Men Killing Men: What's Honor Got To Do With It?

R. Emerson Dobash, University of Manchester
Russell P. Dobash, University of Manchester
Kate Cavanagh, University of Glasgow
Ruth Lewis, University of Newcastle
Juan Jose Medina-Ariza, University of Manchester

Using data from the recently completed Homicide in Britain study and a separate study of men convicted of assaulting their intimate female partner, this paper explores individual, contextual and situational factors associated with intimate partner violence. The study yielded a number of data sets, including intensive information on 866 cases of convicted murderers. Using these data we compare men who have killed intimate partners (n=106) with those who have killed in other circumstances (n=680). This comparison reveals that men who kill intimate partners are, for example, much less likely to have 'untoward' experiences in childhood and criminogenic backgrounds than men who kill others. Situational factors also vary. Men who kill intimate partners are more likely to be employed and less likely to be drinking at the time of the murder than men who kill in other circumstances. Overall, the comparisons reveal that intimate partner killers are rather more 'conventional.'. When intimate partner killers were compared to men convicted of assaulting their partners (n=122), the results also suggest intimate partner killers are likely to be more conventional than men convicted of assault and 'contested' relationships, particularly those characterised by estrangement, constitute a significant risk factor for intimate partner murder.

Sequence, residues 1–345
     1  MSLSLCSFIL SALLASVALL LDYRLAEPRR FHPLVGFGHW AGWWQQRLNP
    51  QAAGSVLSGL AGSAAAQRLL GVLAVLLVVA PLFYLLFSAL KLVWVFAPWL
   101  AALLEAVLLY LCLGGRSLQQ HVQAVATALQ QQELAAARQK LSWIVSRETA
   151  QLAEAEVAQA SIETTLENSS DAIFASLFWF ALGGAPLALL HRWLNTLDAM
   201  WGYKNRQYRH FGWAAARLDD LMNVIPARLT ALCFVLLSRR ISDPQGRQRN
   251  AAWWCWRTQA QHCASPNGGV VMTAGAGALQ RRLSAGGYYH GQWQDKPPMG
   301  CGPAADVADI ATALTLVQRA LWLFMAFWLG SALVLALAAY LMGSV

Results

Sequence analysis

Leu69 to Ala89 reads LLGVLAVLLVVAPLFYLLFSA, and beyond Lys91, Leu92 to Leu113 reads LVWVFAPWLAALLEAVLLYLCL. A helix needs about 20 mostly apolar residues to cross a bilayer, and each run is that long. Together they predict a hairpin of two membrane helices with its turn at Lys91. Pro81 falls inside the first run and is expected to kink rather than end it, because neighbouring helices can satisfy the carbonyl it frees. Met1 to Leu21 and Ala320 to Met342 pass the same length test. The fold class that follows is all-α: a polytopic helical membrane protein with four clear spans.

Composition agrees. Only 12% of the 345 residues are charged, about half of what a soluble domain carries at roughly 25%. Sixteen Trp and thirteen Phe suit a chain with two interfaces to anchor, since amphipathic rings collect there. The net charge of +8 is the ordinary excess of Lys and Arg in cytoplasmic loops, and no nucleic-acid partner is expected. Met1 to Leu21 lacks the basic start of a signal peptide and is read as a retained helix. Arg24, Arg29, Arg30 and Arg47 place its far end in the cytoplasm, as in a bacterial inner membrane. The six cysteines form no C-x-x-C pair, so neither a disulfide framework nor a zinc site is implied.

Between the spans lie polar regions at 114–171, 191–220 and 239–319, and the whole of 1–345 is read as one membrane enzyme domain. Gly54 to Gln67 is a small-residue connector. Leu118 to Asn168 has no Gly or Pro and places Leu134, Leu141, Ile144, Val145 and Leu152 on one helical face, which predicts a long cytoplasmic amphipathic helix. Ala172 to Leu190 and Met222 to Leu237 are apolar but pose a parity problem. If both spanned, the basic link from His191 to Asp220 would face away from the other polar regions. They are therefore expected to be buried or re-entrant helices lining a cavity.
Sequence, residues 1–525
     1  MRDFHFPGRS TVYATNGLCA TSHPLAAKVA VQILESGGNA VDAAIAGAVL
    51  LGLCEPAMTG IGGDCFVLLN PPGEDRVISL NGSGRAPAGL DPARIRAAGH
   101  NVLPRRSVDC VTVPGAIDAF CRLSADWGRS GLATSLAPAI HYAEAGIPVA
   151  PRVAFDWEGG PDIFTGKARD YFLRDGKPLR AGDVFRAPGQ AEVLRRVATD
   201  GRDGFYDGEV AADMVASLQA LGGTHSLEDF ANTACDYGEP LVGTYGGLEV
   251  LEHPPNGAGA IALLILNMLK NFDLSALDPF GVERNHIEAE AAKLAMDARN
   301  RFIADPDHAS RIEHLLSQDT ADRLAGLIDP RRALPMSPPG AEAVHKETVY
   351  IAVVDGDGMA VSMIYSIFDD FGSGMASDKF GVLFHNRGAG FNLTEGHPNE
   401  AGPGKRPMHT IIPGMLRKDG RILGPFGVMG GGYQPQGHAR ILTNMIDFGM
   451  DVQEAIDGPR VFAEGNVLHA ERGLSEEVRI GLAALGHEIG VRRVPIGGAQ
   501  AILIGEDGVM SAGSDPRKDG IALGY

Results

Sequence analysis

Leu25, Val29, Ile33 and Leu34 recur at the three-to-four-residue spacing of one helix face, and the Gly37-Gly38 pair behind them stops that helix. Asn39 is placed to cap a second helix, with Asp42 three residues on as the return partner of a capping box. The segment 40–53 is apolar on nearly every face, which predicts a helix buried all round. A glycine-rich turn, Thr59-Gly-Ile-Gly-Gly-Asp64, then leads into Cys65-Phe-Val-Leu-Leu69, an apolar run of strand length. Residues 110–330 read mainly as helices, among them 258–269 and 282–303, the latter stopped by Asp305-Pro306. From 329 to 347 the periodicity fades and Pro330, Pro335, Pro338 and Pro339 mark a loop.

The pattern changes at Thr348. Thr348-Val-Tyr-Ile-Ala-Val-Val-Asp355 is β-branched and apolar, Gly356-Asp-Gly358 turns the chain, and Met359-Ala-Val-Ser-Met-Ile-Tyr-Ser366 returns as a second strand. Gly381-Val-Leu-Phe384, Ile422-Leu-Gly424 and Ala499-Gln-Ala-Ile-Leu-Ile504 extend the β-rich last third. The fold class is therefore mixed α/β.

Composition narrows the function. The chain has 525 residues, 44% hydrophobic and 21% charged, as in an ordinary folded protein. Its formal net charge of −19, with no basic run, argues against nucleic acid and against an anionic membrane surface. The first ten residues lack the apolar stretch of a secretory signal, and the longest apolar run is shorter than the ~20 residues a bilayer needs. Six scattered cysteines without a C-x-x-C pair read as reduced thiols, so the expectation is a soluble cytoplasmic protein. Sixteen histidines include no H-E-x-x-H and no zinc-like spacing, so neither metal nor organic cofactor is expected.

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Updated 05/20/2006